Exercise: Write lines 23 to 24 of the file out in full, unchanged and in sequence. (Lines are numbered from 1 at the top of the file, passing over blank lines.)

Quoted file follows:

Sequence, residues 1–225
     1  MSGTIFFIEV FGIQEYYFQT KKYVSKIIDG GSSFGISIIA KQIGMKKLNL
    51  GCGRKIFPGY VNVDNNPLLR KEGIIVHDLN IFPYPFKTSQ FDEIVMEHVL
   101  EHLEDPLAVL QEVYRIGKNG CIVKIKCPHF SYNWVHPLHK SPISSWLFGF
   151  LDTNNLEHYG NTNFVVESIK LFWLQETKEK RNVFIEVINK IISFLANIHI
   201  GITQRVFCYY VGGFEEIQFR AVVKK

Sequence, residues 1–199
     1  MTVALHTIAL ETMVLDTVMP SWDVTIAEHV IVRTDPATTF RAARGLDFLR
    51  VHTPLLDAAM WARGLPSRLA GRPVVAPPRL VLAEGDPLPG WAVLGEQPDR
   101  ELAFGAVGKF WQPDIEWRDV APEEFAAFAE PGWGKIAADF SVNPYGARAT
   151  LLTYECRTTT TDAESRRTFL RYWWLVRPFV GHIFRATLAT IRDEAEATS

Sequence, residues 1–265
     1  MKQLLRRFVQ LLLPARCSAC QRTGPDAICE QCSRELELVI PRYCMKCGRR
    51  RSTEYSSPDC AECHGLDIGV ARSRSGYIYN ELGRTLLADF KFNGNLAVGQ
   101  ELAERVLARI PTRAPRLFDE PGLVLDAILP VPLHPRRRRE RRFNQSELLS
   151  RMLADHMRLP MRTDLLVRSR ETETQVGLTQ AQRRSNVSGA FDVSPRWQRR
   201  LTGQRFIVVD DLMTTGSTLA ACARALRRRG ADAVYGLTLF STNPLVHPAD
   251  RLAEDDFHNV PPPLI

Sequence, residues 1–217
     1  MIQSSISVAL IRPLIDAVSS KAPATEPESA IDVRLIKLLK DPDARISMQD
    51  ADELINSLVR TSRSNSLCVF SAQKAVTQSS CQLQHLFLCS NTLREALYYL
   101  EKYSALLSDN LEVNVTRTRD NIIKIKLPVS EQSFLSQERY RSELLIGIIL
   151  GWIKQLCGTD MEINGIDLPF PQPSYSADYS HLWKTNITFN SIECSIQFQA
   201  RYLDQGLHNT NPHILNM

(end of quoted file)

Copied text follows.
   151  GWIKQLCGTD MEINGIDLPF PQPSYSADYS HLWKTNITFN SIECSIQFQA
   201  RYLDQGLHNT NPHILNM